May 21, 2012 AT 8:36 am

Leap Motion Announces New Rival to the Kinect

Well, this is interesting. A startup called Leap Motion has announced a new gestural controller which they claim is more accurate than the Kinect, and sells at an even lower price point ($70!). From Edgadget:

It’s about the size of a pack of gum, and once connected to your computer via USB, it creates a four-cubic-foot virtual workspace. Within that area, it tracks all ten of your fingers simultaneously to within 1/100 of a millimeter — that level of accuracy allows for rudimentary gestures like pinch-to-zoom and more complex actions like manipulating 3D-rendered objects. Naturally, the company isn’t telling much about the black magic making it happen, but Leap Motion claims that its software can be embedded in almost anything with an onboard computer, from phones to refrigerators. Users can customize it to suit their needs with custom gestures and sensitivity settings, in addition to chaining multiple Leap devices together to create a larger workspace. Plus, Leap Motion has created an SDK for devs to create Leap-compatible applications and an app discovery platform to distribute them to others. That means the Leap can work in a variety of use cases, from simply navigating your desktop to gaming and computer-aided design. The best part? Leap brings you this next-gen UX for a mere $69.99, and a select few can pre-order them now, with the full roll-out coming this winter. Full details follow in the PR below, and you can see the Leap in action in the videos after the break.

It’s nice to see them leading with an SDK — the Kinect, which was marketed originally as a game controller, did not have an SDK at launch — but I haven’t been able to figure yet what (if any) restrictions there are for developers. Hopefully, the terms will be more free than the Microsoft SDK.

Anyway, it sounds like it might be fun to play around with. Leap Motion claims the device: “creates a 3D interaction space of 4 cubic feet to precisely interact with and control software on your laptop or desktop computer.” — that’s what it was designed for, but I wonder what else you could make it do? Hmmm…


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7 Comments

  1. I figured fore $70 I’d order one, wonder if I’ll be one of the “select few [who] can pre-order them now”. They had no issue taking my credit card number.

  2. This is really nice, it looks sounds very adaptable to applications and high precision allows for opportunities that weren’t previously possible. A Kinect or touch screen just won’t allow you to do some of these things.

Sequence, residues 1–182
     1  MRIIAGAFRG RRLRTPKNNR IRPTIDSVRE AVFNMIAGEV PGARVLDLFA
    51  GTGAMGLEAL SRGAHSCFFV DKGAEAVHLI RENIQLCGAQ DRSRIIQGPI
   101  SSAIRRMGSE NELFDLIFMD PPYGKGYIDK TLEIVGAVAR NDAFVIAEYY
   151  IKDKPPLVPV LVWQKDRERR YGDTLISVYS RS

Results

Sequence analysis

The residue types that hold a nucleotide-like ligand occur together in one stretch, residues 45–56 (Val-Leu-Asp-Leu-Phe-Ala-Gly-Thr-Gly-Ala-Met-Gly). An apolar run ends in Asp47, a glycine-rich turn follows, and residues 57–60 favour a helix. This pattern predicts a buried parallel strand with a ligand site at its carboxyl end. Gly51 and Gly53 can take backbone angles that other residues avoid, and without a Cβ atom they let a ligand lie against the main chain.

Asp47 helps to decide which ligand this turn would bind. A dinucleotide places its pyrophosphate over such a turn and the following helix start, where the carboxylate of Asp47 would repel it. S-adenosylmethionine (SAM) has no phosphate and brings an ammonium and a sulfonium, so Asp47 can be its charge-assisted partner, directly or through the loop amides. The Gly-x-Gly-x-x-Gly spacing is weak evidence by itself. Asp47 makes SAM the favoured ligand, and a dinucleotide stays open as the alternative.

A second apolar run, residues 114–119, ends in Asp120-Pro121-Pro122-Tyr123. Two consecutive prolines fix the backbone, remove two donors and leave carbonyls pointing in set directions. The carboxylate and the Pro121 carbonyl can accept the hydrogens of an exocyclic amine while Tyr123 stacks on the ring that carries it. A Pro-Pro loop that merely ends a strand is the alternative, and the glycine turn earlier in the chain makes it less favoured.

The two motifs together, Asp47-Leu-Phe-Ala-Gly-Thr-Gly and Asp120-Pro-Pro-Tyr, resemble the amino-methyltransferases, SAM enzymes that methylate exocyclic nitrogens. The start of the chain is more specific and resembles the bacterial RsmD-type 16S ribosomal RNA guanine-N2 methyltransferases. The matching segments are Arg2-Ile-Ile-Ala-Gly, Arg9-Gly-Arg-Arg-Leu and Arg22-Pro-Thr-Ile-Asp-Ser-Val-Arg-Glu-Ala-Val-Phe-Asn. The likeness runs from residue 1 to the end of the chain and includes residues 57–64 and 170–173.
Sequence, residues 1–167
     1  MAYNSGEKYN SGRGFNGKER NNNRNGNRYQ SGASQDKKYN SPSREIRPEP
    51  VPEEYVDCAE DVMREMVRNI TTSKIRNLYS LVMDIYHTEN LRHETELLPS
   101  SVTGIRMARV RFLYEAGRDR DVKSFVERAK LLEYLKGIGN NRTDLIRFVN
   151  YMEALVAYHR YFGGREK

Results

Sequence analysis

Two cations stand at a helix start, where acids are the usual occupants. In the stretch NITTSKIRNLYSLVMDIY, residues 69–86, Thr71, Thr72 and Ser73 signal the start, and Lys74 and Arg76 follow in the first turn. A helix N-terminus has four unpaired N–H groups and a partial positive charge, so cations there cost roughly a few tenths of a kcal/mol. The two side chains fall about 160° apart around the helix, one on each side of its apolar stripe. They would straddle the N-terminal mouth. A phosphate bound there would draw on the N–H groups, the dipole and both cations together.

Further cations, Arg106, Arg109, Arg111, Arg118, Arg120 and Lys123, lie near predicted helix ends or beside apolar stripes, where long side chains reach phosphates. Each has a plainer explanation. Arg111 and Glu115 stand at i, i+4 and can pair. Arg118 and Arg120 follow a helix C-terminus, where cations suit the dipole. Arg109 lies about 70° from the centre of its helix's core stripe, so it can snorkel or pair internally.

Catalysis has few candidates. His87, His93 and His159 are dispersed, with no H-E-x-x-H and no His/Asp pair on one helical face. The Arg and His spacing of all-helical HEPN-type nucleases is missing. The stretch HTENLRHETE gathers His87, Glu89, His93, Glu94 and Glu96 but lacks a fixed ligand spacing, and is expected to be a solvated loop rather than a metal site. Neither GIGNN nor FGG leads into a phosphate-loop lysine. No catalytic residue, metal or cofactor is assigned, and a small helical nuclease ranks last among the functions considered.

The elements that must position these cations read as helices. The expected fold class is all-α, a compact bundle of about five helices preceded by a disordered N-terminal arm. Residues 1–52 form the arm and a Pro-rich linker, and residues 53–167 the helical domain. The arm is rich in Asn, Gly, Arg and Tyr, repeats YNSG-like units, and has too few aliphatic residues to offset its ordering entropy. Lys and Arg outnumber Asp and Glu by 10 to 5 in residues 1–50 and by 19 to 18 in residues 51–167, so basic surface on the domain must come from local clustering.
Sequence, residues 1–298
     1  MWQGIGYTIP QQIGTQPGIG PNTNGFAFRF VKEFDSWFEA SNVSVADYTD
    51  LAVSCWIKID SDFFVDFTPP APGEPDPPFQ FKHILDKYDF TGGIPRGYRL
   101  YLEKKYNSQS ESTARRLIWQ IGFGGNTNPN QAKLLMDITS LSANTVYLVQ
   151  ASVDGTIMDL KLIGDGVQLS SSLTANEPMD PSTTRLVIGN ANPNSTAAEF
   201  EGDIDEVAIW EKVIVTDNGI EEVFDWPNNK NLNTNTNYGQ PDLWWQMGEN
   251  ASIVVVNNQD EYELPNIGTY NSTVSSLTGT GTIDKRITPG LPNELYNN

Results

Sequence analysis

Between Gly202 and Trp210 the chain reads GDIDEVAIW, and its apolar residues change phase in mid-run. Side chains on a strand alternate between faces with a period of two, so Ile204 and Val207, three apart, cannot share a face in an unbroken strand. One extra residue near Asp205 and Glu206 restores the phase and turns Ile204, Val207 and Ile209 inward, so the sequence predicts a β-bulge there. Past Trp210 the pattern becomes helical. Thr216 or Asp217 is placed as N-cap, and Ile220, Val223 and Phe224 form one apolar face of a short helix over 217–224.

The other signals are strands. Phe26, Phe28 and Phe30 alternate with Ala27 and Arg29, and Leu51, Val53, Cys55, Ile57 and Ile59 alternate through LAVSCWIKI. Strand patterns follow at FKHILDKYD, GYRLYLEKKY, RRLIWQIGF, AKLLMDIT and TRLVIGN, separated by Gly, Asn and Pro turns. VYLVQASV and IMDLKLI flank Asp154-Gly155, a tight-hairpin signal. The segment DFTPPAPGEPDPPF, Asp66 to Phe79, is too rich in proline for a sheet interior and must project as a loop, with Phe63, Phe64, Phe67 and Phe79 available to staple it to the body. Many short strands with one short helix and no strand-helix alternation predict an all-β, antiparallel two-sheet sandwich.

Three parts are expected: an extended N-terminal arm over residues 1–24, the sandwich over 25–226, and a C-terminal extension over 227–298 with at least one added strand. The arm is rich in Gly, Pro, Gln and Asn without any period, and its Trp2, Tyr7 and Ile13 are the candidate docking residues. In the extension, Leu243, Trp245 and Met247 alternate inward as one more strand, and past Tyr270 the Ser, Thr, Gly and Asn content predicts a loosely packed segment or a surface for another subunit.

Now, someone on Hackaday commented that this might be a hoax, with 0.01 mm accuracy. What do people think about that? The company’s device is so small and it’s like a black box. Does it work with infrared, lasers, sound, etc? They haven’t said anything.

  3. “Now, someone on Hackaday commented that this might be a hoax”

    I strongly doubt it’s a hoax, though it may have some limitations which haven’t been documented yet. Though the same could be true for any gadget, really.

  4. It makes me awfully nervous that they don’t appear to have a single *genuine, unaltered photograph* of the thing. That and phrases like “200x more sensitive” and “~100x more accurate”. And the claim of 10-micron resolution over a 2ft x 2ft x 2ft cube. And the fact that it’s supposed to be a USB peripheral and yet none of the product images show a cable connected to it, or even anywhere to plug one in. And that they describe it initially as “the size of a flash drive” and then as “iPod sized”. And that they supposedly have a “limited number” available for the first shipment and yet you’re welcome to order five at a time.

    I’m not saying it’s a scam, but I suspect that the product doesn’t (yet) exist in the form they’re advertising. This feels a lot like an ambitious Kickstarter project minus Kickstarter. I wouldn’t be surprised to see many of their claims quietly revised as the real thing takes shape (assuming, of course, that it does).
    I’m not saying it’s a scam, but I suspect that the product doesn’t (yet) exist in the form they’re advertising. This feels a lot like an ambitious Kickstarter project minus Kickstarter. I wouldn’t be surprised to see many of their claims quietly revised as the real thing takes shape (assuming, of course, that it does).

  5. Oops, that was bizarre. Go ahead and read just the first instance of that last paragraph. :-)

  6. The article is very light on the details of the device. Although we would like to think of it as a mini Kinect, in that it is self-contained, but unless they have the right hardware acceleration (hard to fit in $70 price point) I am guessing that the little box is either two cameras arranged as a stereo pair, or one camera plus a structured light emitter, or maybe a combination of the two. The actual image processing would be performed on the host Mac. If this is the case, someone could conceivably hack their own version (albeit limited) with two web cams and OpenCV libraries, and get at least the depth map. The gesture recognition would take more effort. Also, if it is the case that the processing is on the host Mac, we won’t be integrating this device in a tiny robot any time soon.

    The person credited with inventing the “patented” technology is David Holz. To get more details I searched the USPTO site for any patents or patent applications with his name. I could find nothing. Perhaps the “patents” refer to gesture recognition IP they may have licensed elsewhere.

    Not to knock this device though- If it is true, it will be revolutionary in how humans interact with computers.

  7. Leap Motion creates a 3D control interface that detects the movements of the hands and fingers with pinpoint accuracy for only $ 70.

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